Machine Design

Sensor Sense: Piezoelectric Force Sensors

Some materials generate an electric charge when placed under mechanical stress.

For example, a 2-kN force properly applied to a cubic-centimetersized quartz crystal produces over 12.5 kV. Voltage created by an applied stress is called piezoelectricity.

Unlike strain gages that can measure static forces, piezoelectric force sensors are mostly used for dynamic- force measurements such as oscillation, impact, or highspeed compression or tension. Any force applied to the piezoelectric sensing element produces a separation of charges within the atomic structure of the material, generating an electrostatic output voltage. The polarity of the voltage generated depends on the atomic structure of the material and the direction in which the force is applied.

However, any leakage path lets electrons redistribute across the material, dropping the voltage output back to zero. Internal leakage paths are formed by impurities within the crystal while external paths are created by the electronics used to measure the voltage generated. All leakages must be considered to determine the discharge time constant (DTC). The DTC typically follows an exponential curve similar to an RC time constant and is used to determine the sensor’s lowest frequency response.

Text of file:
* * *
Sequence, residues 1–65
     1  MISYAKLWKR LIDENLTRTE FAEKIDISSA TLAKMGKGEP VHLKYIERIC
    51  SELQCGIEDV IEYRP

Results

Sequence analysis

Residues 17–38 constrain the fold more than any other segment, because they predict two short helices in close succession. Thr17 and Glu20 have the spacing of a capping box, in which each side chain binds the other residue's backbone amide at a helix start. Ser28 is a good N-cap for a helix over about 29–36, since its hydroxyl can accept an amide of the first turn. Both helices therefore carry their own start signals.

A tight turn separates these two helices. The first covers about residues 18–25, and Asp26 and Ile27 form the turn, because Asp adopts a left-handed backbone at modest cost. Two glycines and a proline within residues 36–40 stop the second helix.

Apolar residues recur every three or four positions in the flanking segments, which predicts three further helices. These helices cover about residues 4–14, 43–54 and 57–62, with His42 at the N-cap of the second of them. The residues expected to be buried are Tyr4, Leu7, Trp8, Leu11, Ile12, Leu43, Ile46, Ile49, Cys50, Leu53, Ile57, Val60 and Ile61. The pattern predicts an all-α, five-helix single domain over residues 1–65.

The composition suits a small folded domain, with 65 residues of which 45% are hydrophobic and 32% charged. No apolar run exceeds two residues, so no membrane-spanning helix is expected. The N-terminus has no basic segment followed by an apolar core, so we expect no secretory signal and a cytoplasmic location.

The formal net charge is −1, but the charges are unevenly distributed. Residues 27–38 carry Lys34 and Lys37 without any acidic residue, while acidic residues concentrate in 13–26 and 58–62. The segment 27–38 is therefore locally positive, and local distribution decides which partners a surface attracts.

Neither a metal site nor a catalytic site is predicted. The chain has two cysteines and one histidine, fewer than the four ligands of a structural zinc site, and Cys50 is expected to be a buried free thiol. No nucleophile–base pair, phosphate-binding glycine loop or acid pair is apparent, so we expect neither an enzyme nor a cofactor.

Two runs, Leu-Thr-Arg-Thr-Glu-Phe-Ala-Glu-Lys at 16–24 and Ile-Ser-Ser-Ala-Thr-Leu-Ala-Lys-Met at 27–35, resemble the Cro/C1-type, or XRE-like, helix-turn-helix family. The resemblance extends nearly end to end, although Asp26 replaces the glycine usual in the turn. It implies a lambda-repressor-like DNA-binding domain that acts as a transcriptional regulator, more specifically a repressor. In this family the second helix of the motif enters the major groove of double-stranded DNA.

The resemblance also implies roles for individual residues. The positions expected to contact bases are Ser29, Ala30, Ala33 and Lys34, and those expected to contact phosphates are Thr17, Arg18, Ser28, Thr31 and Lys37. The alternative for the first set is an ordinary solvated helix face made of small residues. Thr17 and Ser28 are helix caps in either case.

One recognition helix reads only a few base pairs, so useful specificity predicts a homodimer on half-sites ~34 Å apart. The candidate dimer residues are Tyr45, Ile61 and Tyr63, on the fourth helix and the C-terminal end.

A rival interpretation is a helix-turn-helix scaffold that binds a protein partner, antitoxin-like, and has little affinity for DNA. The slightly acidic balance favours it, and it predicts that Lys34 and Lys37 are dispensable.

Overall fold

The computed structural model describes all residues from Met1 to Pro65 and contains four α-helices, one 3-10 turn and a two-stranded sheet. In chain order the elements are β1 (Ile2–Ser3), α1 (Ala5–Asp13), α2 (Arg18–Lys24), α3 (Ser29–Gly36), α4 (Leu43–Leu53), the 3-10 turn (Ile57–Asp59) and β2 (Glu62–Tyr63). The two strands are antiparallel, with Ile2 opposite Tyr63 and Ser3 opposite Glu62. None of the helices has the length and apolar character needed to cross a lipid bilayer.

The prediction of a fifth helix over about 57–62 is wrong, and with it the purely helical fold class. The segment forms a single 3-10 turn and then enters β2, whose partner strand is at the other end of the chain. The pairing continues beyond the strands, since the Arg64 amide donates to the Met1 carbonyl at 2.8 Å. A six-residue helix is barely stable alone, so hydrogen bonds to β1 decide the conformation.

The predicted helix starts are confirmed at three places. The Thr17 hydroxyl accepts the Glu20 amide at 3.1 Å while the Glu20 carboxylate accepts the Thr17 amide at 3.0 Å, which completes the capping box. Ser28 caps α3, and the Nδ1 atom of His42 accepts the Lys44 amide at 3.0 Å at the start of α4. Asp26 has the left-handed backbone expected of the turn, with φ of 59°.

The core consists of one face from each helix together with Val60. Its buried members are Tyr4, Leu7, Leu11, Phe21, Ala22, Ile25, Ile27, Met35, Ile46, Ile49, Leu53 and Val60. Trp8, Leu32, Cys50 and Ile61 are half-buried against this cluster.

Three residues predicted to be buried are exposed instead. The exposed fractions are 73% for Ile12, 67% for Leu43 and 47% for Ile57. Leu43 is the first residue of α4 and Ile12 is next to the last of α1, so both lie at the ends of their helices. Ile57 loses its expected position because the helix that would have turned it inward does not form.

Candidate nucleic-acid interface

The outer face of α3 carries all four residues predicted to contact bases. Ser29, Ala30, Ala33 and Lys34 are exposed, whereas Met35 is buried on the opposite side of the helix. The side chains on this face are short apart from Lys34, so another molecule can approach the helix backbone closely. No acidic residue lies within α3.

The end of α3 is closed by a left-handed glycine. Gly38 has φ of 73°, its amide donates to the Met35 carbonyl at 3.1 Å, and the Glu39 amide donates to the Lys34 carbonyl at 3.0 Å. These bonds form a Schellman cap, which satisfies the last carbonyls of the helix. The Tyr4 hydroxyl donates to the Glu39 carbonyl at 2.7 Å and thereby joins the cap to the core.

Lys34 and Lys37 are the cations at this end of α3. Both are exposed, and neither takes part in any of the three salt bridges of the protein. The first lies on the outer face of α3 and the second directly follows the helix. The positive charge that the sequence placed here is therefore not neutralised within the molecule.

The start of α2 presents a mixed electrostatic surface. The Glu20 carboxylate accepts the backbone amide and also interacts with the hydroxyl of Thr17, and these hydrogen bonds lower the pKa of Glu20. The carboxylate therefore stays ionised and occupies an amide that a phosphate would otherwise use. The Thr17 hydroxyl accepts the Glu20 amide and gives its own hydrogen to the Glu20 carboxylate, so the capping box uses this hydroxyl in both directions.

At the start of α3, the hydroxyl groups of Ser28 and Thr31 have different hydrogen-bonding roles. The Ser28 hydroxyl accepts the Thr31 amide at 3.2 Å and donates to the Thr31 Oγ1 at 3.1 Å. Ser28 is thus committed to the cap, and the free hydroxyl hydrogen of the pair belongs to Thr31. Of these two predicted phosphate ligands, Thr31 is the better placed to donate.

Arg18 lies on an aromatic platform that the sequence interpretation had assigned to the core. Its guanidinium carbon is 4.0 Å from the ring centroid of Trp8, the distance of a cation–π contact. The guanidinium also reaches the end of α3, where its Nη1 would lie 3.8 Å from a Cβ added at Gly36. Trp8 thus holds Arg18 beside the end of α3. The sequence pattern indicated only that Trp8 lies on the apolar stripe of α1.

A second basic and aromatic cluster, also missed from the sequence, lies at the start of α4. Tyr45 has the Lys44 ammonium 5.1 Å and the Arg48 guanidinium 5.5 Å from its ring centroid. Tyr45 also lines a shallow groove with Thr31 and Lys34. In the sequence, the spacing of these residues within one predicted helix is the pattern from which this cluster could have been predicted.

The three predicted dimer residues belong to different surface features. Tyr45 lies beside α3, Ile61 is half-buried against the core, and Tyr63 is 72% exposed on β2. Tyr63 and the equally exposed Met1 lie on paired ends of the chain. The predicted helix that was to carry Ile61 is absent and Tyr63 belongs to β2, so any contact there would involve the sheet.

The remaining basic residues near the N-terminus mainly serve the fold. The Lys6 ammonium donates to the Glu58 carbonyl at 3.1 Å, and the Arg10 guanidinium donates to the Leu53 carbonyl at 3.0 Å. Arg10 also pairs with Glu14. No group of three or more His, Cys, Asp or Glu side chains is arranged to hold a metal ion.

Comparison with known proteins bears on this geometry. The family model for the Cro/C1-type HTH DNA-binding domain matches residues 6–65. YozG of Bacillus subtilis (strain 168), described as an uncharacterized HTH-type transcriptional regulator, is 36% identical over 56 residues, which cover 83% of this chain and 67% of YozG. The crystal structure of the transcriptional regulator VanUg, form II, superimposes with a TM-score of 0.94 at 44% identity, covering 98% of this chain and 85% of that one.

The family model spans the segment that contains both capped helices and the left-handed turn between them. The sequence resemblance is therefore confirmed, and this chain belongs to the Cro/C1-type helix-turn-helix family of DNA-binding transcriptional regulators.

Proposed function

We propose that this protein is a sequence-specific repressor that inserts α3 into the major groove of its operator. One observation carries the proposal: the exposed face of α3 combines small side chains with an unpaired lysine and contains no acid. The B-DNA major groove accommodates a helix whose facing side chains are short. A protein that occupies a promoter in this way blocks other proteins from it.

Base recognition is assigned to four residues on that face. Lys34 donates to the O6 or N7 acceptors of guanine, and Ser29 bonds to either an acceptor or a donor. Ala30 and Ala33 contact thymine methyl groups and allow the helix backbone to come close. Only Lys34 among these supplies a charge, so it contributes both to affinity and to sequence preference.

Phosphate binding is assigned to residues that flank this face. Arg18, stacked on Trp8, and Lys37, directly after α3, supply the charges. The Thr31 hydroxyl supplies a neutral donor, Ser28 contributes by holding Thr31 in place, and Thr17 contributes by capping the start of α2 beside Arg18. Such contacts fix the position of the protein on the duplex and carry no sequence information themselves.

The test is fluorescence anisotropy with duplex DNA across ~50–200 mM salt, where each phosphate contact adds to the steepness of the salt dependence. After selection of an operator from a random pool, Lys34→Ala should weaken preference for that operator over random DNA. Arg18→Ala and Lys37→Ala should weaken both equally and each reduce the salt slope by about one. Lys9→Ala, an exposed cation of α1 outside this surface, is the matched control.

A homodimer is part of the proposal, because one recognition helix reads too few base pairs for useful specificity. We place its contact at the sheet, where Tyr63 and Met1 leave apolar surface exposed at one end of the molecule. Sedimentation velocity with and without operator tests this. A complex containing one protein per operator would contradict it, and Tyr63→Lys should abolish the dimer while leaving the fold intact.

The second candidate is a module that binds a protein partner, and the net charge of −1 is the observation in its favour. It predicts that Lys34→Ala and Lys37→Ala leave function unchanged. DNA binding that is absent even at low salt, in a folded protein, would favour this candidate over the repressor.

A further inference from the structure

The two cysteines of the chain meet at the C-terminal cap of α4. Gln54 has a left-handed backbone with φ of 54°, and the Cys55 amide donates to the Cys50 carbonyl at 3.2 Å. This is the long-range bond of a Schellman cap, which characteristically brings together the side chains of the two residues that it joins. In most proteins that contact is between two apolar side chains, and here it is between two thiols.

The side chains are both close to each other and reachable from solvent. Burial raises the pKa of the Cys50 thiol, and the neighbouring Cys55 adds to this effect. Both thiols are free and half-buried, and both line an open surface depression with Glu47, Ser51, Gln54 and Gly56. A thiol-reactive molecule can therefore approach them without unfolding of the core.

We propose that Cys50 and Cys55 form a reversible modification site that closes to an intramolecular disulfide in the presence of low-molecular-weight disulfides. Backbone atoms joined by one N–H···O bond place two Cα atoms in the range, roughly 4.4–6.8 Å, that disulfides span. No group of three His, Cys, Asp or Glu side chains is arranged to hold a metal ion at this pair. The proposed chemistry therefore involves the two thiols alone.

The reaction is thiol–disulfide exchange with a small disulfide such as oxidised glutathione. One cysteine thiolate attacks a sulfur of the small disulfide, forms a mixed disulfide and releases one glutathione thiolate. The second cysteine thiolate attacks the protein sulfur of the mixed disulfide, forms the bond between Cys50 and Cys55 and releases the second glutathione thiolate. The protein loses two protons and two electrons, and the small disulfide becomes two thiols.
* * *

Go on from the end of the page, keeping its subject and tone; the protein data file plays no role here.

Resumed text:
In a typical quartz-based force sensor, a charge-collection electrode is sandwiched between two quartz-crystal elements. The quartz elements are oriented to supply the same polarity voltage to the electrode when compressed, while the opposite polarity is applied to the sensor housing. This assembly resides between two mounting disks held together by an elastic, beryllium-copper stud and then weld-sealed within the enclosure to prevent contamination. The stud preloads the quartz elements to assure all parts are in intimate contact and to provide good linearity and tensile-force measurements.

When a force is applied to the impact cap, the quartz elements generate an output voltage which can be routed directly to a charge amplifier or converted to a low-impedance signal within the sensor. The use of the direct sensor output demands that any connector, cable, and charge amplifier input must maintain a high insulation resistance on the order of >10≠″ Ω.

Low-impedance quartz sensors have an internal MOSFET amplifier. Its output is a low-impedance voltage signal that uses standard cabling. However, force sensors with internal amplifiers do require external power to operate the amp.


This cross-section diagram of a Series 208 Quartz Force Sensor from PCB Piezotronics Inc. of Depew, N.Y., shows the basic assembly of a piezoelectric sensor.


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